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Episode Studies by Clayton Barr

Valley of the Dinosaurs: The Temple of Nepa-Talu "The Temple of Nepa-Talu"
Valley of the Dinosaurs #8 (Charlton)
Art and story: Fred Himes
June 1976


The Butlers build a new hot-air balloon.


Story Summary


The Butlers build a new hot-air balloon and Katie and Greg, along with Digger and Glump, soon find themselves accidentally aloft in it. An angry flock of Pteranodons attacks the balloon, bursting it and sending it crashing to the ground. John and Lok witness the event and race through the jungle to rescue them.


Our crashed heroes survive, of course, and Greg brashly tries to lead them back home. But they instead come upon the ruins of an ancient city.




Didja Know?


"The Temple of Nepa-Talu" is an 11-page story appearing in Valley of the Dinosaurs #8.


Although this part of the story (Part 1) is called "The Temple of Nepa-Talu", the temple does not really play a role until Part 2, "Secret of Nepa-Talu".


Didja Notice?


On page 1, we see what may be a Pteranodon and Stegosaurus, along with an unknown theropod. The theropod has four claws on its forelimbs, so it may be a ceratosaur. "Secret of Nepa-Talu" identifies what seems to be the same beast as an Allosaurus, but they had only three-clawed forelimbs.


On page 2, the ceratopsid sleeping at the base of the stone column on which the story's title is "carved" looks like a Protoceratops.


On page 2, the Butlers have finished building a two-wheeled, flat-bed cart. John says that Lok and Gorok are bringing the "classy chassy". "Chassy" should be spelled "chassis". "Classy chassis" is a CB (citizens band) term for a nice truck, but has been appropriated as a somewhat common idiom for a nice car (or even for a woman with a nice body!). It should also be noted that the chassis is the internal framework of a vehicle, which is closer to what the Butlers have already built than to the giant turtle shell gondola Lok and Gorok contribute to the endeavor.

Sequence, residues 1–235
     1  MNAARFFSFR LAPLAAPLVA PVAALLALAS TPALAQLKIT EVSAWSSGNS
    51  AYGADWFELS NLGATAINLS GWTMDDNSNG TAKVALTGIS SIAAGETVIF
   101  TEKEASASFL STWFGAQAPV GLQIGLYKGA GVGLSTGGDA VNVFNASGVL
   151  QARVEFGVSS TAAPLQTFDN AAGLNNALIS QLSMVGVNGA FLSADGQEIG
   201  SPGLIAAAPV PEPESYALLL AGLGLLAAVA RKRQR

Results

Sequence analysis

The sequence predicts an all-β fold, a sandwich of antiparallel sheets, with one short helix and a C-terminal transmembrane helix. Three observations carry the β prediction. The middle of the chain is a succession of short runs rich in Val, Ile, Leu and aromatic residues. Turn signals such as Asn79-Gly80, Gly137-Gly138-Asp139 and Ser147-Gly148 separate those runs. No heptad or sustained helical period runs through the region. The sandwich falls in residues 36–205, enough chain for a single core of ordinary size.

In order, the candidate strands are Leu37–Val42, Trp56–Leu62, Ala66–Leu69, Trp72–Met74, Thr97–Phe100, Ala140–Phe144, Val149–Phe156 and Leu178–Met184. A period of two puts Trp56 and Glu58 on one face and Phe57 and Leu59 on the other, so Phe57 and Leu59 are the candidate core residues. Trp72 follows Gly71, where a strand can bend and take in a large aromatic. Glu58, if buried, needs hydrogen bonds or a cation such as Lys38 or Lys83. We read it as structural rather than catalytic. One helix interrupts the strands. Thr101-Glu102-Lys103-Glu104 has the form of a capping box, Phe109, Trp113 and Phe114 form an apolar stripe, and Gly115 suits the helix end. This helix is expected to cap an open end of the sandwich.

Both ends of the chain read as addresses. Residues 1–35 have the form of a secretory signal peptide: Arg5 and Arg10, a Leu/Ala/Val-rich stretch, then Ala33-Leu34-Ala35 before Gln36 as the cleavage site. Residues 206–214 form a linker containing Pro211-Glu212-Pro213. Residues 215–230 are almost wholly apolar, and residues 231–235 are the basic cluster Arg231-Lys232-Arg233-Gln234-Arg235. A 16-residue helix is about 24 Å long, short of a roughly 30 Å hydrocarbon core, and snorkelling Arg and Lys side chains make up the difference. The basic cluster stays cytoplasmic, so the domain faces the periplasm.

The Butlers build a hot-air balloon in this story. But it seems to ignore that they had previously built one in "What Goes Up". Either that or "What Goes Up" ignores that they built one here! In the aforementioned episode, I asked why don't the Butlers build another balloon after the one there escaped their control? For continuity's sake, we can assume that's what is happening here, with some minor changes in dialog. 


In "What Goes Up", the Butlers built a large wicker basket for the gondola of the balloon. Here, they use a giant turtle shell instead (which actually makes more sense).


The interior of Katie and Greg's sleeping area in the cave, as seen here, is very similar to that seen previously in "Creatures", though Katie seems to be on the opposite side of the partition from Greg this time.
Butler cave
Butler cave in this story Butler cave in "Creatures".


On page 6, panel 3, two sauropods are seen. Something was wrong with the color correction in this panel, as the sauropod in the foreground is half red and half yellow! And on page 7, two sauropods are entirely red!



The pterosaur in the sky on page 7, panel 3 appears to be a Pteranodon.


The Pteranodons that attack the balloon appear to be quite a bit larger than the real beast was in its day.


On page 9, Greg refers to himself as Broadway Greg after making a great shot with a torch hurled at the attacking Pteranodon. This is a reference to the "Broadway Joe" nickname of NFL quarterback Joe Namath, who played pro football in the 1960s through '70s.


As the balloon crashes on page 10, either Katie or Greg asks, "What would the Red Baron do in a case like this?" This refers to the famous WWI German flying ace, Baron Manfred Albrecht von Richthofen, nicknamed the Red Baron for the color of his plane.


On page 11, panel 3, in another anthrocentric example of comic relief, Glump is seen kissing the ground after the crash of the hot-air balloon.


When Katie decrees after the crash that they need to find their way home, Greg proclaims, "They don't call me 'Daniel Boone' for nothing!" This is a reference to the frontiersman known for his exploration of the American frontier in what is now the state of Kentucky.


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